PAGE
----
1964 Marquis de Terme Maragux.  A Fourth Growth Bordeaux, the wine had a brownish red hue and an earthy bouquet.  For a 49-year-old wine, this still had quite a bit of life to it.  A typical Bordeaux blend of Cabernet Sauvignon, Merlot and Petit Verdot, the old world style of this wine was quite appealing to me.   Don’t think you will find any of this vintage but current vintages appear to be widely available in the $40 range.

1979 Solaia.  In general Super Tuscan blended wines are not to my palate. I find them to be very modern in style, perhaps in an attempt to please the critics and receive high point scores. The 1979, the second vintage ever of this wine, that we drank was very much old world in style and simply superb.  At 34 years of age it still had lively fruit and a round and elegant palate.  I liked it very much.  It was my favorite wine of the night.  The ’79 is a blend of 80% Cabernet Sauvignon and 20% Cabernet Franc, compared to today’s blend of 75% Cabernet Sauvignon, 20% Sangiovese and 5%, Cabernet Franc.

Solaia grapes come from the sunniest part of the Tignanello hill, from the best grapes grown in the best vineyard. The wine is aged in Barriques for about 12 months and for a further 12 months in the bottles and is only produced in superior vintages.  The wine was not produced in 1980, 1981, 1983,1984, and 1992.  Current vintages of the wine are widely available at about $150 - $200 a bottle.  A price, in my opinion, more reflective of the cult status of the wine as opposed to its quality.

1969 Larcis Ducasse St. Emilion.  A blend of Merlot and Cabernet Franc, the wine had a pleasant earthy bouquet, however on the palate it seemed very tired.  I think its peak days have long passed. My least favorite of the evening.

1970 Beaulieu Georges de Latour Private Reserve Cabernet Sauvigon.  I do not have much experience with old vintages of California Cabernets, but if they are like this one, I would love to drink more of them.  I was really surprised how superbly balanced and youthful on the palate this wine was.  It drank beautifully and had quite an elegant finish.   Still available at about $200. Wine-Searcher.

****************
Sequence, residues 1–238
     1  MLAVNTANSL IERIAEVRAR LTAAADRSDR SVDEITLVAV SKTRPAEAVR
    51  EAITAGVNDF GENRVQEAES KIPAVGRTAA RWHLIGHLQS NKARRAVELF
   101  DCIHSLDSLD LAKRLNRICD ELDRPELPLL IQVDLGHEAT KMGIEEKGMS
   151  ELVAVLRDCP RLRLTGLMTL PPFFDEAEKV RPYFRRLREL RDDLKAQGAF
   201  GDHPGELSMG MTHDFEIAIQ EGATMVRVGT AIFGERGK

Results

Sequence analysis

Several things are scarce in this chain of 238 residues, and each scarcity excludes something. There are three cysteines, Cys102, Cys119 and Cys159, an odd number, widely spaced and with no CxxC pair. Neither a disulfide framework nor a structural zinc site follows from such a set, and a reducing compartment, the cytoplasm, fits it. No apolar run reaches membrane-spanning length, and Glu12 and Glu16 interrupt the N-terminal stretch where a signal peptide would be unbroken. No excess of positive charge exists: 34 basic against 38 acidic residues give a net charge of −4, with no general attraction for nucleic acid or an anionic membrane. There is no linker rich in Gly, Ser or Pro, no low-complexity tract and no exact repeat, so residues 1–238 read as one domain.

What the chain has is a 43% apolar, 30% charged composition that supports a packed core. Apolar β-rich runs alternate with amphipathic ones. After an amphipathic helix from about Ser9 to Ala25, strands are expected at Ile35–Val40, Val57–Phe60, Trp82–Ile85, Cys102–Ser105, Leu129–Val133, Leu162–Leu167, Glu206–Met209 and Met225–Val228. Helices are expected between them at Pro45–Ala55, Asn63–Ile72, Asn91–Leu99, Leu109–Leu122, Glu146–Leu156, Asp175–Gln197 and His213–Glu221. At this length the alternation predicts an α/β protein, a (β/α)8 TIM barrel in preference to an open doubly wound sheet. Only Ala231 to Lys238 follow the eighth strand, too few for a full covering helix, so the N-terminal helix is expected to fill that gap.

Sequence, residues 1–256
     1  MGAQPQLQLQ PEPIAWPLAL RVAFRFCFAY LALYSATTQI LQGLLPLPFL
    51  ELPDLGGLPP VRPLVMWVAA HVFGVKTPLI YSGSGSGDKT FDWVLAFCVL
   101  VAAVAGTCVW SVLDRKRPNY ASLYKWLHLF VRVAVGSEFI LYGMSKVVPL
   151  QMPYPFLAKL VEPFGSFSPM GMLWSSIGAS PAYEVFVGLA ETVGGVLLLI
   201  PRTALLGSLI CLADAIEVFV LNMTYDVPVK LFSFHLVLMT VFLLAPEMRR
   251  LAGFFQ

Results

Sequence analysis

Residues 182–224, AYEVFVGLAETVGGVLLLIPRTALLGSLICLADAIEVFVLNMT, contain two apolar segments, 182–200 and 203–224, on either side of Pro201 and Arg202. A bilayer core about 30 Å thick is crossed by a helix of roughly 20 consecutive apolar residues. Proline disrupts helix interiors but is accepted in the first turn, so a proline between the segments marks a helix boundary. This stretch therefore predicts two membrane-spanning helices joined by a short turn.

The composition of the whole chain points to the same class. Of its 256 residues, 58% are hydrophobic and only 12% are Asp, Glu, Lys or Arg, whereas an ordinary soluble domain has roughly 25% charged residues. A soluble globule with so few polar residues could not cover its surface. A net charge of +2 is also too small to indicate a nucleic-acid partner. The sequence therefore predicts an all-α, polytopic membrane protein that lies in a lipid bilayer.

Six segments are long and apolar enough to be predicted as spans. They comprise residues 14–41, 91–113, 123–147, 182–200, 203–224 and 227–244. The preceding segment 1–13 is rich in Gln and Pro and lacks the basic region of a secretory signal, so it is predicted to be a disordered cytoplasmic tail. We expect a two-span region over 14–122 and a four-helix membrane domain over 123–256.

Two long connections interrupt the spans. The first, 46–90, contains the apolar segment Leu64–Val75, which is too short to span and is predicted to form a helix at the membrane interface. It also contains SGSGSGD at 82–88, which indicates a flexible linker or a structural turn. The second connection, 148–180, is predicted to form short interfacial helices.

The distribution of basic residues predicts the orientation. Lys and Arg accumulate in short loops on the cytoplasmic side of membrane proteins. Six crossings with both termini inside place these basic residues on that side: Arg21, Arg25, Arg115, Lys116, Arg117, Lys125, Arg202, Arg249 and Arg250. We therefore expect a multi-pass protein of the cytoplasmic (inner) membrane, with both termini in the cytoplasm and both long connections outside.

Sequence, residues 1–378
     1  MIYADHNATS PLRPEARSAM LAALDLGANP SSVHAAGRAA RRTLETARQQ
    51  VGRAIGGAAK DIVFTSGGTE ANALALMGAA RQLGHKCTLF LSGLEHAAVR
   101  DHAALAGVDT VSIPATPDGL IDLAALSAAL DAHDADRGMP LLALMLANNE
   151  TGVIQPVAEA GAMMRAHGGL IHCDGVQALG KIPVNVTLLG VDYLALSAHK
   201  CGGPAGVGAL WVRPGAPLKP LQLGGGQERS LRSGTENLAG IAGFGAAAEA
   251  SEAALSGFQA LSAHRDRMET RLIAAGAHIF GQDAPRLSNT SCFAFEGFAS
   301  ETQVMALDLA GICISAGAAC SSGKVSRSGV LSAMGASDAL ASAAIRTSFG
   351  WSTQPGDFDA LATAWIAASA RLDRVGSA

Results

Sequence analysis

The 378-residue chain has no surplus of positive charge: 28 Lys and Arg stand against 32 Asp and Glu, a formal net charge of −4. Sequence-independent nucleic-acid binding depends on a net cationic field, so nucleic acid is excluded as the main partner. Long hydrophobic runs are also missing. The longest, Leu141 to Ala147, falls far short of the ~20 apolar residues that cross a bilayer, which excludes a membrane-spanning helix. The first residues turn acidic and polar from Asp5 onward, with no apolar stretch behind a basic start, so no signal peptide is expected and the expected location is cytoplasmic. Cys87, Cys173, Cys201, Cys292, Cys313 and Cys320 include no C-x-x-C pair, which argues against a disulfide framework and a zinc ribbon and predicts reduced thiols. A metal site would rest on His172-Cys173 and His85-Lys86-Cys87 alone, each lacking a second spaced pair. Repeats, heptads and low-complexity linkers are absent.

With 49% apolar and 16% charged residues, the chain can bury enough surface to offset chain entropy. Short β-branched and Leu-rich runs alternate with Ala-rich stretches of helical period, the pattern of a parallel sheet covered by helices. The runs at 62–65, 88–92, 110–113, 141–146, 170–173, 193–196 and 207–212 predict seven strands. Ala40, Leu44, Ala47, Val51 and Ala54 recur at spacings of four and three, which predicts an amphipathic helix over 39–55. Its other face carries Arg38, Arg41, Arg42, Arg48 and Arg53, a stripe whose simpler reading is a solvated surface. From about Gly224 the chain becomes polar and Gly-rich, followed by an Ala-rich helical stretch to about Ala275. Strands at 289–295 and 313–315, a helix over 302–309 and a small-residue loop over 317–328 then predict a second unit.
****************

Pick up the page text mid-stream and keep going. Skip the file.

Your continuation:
1950 Leoville Las Cases St. Julien.  One of the top Bordeaux 2nd growth classifications, we were all amazed that the wine was very drinkable at 63 years of age.  The pedigree of the wine was apparent and I can only imagine how good it would have been 20 or 30 years ago.  Current vintages of the wine are currently available and expect to pay upwards of $150 a bottle depending on the vintage.

This was a terrific selection of wines for me, as readers of my blog know that Super Tuscan Blends, Bordeaux Blends and California Cabernets are not to my liking.  In these wines however I found the earthiness, purity, finesse and elegance that I find in traditional Baroli and Burgundies.  Perhaps that it is because these wines were made prior to the advent of wine publications such as the Wine Advocate and The Wine Spectator and therefore the winemakers concentrated on making wines for consumption as opposed to receiving high scores from wine critics.  Just a thought.  In any case, thanks Jeff for helping me and the other members of our group to continue to learn and marvel at the many wonderful experiences wine has to offer.